The lyrics deal with the issue on being betrayed and the real person who is doing the hurting is almost as if they are looking in the mirror to find out what kind of worst enemy or the monster they have finally become and knowing that their time is nearly up. Then, we come to the finale of the 12-minute epic, Soul Food.

It makes this jump to light-speed as the first six minutes of epic is part Supertramp’s Crime of the Century-era to Rush’s golden-era from 1975 to 1977. Alex takes center stage to lend Stratospheerius a helping hand as he takes the ship home back to Earth. Then the last five minutes becomes this classical, folky aftermath of coming home. It transforms into this piano concerto that Rave Tesar does that essence of Tony Banks at times.

It suddenly transforms into a rising melody with a nod to Queen II. The vocalizations near end is not only fantastic, but it’s almost as if they are cheering and supporting by throwing confetti for the heroes return for a job well done and then everything screeches at the last 30 seconds for this twist of thunderstorm and wind fade out.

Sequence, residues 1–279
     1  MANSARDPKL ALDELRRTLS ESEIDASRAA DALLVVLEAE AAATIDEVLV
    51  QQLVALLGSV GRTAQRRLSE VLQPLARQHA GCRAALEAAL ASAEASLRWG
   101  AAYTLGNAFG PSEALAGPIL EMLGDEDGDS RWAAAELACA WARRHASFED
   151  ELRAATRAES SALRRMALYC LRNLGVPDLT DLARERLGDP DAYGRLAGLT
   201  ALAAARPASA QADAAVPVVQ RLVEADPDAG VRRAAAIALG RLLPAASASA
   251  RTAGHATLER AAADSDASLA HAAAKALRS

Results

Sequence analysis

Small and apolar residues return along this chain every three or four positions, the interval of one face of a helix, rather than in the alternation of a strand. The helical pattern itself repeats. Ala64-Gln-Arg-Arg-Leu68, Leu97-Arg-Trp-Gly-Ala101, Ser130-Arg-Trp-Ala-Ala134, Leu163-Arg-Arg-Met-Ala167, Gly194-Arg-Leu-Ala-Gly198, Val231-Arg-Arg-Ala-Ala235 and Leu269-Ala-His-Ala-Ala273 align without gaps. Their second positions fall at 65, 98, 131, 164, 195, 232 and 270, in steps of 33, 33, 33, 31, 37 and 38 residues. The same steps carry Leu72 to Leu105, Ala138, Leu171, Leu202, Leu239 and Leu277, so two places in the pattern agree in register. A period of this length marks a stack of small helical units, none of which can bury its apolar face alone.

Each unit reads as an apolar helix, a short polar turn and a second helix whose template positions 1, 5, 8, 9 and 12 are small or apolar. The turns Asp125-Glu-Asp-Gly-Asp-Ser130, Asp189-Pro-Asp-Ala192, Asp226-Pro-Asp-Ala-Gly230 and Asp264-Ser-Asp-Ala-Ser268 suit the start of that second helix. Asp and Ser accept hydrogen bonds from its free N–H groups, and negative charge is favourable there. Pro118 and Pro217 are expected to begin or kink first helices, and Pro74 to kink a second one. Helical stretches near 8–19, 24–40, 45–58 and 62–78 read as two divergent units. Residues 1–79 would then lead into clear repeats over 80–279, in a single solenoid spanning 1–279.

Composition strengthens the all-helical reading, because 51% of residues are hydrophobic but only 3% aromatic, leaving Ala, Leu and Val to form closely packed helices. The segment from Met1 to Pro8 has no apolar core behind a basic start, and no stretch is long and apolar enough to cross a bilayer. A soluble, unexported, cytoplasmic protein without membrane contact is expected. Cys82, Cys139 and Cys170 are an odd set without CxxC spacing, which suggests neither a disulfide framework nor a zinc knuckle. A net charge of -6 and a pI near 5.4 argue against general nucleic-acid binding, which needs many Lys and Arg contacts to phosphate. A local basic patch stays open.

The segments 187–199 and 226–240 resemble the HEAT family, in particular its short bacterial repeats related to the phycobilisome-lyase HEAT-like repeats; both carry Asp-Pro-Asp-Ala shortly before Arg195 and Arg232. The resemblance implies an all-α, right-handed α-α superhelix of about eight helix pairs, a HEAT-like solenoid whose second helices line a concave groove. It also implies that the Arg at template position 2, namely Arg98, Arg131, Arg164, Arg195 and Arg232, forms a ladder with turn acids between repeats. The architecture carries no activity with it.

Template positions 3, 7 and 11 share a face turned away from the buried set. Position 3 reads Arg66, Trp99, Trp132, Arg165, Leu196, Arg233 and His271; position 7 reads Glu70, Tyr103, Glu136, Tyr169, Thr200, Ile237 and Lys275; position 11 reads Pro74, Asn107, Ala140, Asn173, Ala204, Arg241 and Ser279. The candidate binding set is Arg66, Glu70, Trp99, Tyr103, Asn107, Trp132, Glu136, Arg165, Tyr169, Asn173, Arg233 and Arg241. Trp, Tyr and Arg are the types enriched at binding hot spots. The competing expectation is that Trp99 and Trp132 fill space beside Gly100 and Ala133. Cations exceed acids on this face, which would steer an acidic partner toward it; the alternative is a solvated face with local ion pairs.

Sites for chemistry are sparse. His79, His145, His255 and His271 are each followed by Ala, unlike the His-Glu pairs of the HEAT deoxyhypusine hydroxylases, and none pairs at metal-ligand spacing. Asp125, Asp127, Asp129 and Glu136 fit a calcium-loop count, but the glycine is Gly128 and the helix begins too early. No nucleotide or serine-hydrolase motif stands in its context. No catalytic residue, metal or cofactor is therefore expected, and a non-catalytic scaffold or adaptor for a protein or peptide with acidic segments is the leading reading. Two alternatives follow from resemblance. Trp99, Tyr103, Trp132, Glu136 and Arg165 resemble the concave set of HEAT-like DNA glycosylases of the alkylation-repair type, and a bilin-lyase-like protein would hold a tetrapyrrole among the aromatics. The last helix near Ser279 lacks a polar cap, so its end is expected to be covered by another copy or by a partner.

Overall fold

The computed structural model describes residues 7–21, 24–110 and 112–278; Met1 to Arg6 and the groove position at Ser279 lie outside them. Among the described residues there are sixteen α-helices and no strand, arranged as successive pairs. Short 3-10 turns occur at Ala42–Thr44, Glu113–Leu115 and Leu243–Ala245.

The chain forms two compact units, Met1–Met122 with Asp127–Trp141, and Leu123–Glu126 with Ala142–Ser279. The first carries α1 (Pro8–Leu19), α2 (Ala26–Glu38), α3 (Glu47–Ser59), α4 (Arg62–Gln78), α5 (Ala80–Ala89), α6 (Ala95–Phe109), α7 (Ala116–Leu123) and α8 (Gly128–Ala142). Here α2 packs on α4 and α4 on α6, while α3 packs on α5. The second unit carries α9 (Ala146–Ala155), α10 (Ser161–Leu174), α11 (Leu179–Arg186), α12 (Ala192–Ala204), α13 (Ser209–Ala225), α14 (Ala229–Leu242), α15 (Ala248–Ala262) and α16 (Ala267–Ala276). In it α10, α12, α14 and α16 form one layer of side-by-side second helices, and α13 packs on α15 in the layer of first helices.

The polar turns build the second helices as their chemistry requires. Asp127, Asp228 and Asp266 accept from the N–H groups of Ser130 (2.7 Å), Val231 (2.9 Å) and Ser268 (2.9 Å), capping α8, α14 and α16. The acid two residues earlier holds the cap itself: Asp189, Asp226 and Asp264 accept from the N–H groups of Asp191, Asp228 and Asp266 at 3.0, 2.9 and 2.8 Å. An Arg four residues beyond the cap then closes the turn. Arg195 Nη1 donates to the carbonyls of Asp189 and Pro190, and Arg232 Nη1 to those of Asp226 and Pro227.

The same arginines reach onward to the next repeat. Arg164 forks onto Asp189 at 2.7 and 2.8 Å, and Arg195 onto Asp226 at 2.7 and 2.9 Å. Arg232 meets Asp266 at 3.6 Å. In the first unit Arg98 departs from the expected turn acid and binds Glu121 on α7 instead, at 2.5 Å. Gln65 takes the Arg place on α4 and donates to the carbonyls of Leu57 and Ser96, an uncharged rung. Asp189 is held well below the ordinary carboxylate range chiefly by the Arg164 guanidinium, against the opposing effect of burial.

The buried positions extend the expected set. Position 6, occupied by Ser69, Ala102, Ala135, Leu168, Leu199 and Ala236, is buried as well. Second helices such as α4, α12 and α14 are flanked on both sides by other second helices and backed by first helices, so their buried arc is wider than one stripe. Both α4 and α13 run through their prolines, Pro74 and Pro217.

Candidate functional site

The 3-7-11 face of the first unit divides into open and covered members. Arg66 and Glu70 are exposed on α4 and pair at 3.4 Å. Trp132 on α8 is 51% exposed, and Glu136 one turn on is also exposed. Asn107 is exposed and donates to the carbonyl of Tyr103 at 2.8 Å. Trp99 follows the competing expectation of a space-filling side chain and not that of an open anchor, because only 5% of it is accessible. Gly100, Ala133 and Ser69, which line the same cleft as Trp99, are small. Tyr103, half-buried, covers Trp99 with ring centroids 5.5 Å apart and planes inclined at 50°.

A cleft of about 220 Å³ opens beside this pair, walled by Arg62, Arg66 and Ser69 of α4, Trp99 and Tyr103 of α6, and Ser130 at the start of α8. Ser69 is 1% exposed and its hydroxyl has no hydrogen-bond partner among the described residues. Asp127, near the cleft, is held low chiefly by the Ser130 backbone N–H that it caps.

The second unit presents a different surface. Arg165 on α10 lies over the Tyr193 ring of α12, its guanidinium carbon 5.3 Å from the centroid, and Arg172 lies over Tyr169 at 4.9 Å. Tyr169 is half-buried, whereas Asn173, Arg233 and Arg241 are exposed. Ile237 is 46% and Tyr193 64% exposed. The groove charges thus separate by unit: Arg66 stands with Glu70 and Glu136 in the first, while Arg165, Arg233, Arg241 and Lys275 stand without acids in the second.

Again, I’m new to Stratospheerius and Joe Deninzon’s music, but Guilty of Innocence is right in my alley. I have to say I was very impressed the moment I put the CD on my old portable CD player. It was like a breath of fresh air all over again and going back and finding out some of the bands and artists to watch out for rather than watch some fail on American Idol. Guilty of Innocence is not only great, but one of the most hectic and heart-stopping albums I’ve listened to.